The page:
As part of his entrepreneurial expertise, Brad Feld understands the necessity for clarity of language. Learn how he applies that same precision to love.
“Words matter. Language is how we are human. The way you talk to each other creates relationship patterns over time. It takes at least five positive interactions or actions to counteract a single negative exchange. It takes 1,000 positive interactions with interacting with your mother-in-law.” pg 27, Startup Life: Surviving and Thriving in a Relationship with an Entrepreneur
MeetMindful: Language is key to any relationship and certainly a relationship that’s going to last. Looking back to when you and Amy began dating, how would you have paid more attention to this?
Brad: Like many new couples, we talked a lot about our relationship, especially before or after sex. Think back to the beginning of your relationship, back when you were having crazy, monkey sex every day. Yup, sometimes you had a relationship conversation that led to sex, sometimes you had a fight that led to makeup sex, and often when you were laying around after sex, your conversation drifted to the future and all the wonderful things you are going to do together, which often leads to more sex.
During the first few years of our relationship, Amy and I talked about a wide variety of topics. We spent a lot of time on our aspirations, things we wanted out of life, things we had struggled with in past relationships, and things that were on our mind. Sure, we talked about politics, sports (especially tennis, which I introduced Amy to), Boston and how much we wanted to move somewhere else (we eventually did), my company, and Amy’s writing. But often our conversations drifted to our relationship or things in the moment going on between us.
At the time, I didn’t appreciate how often one of us didn’t understand what the other was saying. Sure, we understood the words, but we didn’t understand the patterns or the meanings behind the words. One of us would say something that was intended as feedback or a request for help of some sort, but instead it was interpreted as criticism or an attack. One of us would try to express a desire, but it would be interpreted as something else. And often, especially when one of us was tired from work, we’d just complain or vent, when the other was also tired. Not surprisingly, arguments arose from these conversations.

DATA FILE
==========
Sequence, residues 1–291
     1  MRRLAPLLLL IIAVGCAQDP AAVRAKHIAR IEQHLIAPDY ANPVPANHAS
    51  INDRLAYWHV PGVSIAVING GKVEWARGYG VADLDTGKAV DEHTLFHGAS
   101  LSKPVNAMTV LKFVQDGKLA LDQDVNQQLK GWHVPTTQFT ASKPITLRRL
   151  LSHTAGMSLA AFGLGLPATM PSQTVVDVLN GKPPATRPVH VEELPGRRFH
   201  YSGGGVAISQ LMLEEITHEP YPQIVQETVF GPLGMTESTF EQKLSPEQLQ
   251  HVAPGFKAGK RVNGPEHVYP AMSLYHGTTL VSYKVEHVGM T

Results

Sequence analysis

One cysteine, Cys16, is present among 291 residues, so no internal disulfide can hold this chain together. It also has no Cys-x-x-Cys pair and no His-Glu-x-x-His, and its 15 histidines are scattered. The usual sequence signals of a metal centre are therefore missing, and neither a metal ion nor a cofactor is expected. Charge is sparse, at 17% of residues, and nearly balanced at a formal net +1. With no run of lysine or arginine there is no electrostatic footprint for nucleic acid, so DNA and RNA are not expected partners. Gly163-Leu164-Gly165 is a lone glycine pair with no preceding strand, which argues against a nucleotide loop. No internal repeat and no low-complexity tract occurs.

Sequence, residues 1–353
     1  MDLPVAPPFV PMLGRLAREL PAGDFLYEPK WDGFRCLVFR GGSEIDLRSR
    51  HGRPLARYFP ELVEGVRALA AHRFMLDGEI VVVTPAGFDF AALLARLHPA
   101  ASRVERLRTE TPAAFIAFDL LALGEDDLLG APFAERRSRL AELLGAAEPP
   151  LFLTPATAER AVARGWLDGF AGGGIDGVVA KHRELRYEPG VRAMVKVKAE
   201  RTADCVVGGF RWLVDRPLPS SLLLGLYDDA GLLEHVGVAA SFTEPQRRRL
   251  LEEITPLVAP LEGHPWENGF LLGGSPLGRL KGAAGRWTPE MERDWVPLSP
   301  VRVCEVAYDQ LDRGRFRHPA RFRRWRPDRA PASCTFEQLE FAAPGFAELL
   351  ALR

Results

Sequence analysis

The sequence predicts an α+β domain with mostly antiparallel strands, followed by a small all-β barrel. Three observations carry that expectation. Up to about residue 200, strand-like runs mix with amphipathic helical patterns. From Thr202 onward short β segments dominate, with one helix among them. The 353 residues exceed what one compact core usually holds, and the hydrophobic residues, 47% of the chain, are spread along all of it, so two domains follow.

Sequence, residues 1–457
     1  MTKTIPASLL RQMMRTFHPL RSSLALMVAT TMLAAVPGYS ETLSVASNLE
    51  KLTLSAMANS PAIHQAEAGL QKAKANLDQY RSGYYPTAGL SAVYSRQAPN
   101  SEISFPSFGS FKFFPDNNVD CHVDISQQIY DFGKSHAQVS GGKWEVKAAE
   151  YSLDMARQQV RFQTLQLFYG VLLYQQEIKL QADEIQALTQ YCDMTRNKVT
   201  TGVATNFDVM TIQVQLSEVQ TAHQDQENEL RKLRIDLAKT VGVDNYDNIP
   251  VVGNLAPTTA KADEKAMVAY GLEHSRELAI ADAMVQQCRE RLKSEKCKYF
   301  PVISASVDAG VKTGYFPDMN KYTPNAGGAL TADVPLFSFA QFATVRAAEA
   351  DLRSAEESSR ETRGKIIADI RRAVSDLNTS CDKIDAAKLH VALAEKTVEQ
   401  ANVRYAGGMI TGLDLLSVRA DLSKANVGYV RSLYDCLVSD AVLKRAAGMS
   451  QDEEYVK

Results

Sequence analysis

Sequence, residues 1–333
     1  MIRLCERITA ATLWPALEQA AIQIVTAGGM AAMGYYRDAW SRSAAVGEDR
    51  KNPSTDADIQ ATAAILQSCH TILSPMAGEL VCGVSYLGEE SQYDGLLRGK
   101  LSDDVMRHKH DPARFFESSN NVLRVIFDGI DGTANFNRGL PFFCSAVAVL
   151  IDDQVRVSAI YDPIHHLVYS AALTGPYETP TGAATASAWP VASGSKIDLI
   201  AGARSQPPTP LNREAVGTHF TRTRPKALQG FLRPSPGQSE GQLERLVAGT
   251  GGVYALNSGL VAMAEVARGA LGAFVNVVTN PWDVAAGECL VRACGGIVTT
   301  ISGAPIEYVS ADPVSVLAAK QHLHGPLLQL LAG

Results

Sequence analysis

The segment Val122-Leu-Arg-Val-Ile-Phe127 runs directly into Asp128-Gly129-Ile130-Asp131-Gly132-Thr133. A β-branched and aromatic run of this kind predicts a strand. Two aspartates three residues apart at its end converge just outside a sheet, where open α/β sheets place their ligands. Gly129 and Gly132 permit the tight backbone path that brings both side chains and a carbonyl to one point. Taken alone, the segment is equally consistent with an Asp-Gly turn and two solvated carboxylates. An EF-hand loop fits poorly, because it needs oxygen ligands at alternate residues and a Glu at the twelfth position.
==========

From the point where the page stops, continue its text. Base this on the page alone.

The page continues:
Amy is much fiercer than I am. When she is attacked, she attacks back. After a while, we started talking about our arguments as “mutually assured destruction” —if I continued to escalate, she would escalate more, and the only result was global thermonuclear war.
From this realization, we started to understand how much words mattered. When we found ourselves in conflict, we’d step back and start talking about our feelings. I stopped trying so hard to solve problems or satisfy what I thought Amy wanted. Instead we slowed down and talked about what was going on. And while our conversations took a “meta” turn on occasion, where we’d talk at a “meta-level” about whatever we were talking about, we started to build clear patterns into our language.
I learned which words triggered Amy and used them cautiously. She learned which words set me off or made me feel bad, and she started to be more careful. We didn’t avoid conflict, but rather approached it thoughtfully, especially with the language we used.
We learned how important words were. We both love words, language, reading, and writing, so this came naturally to us once we understood how important—and impactful—the words could be.
[image: via startoTV interview]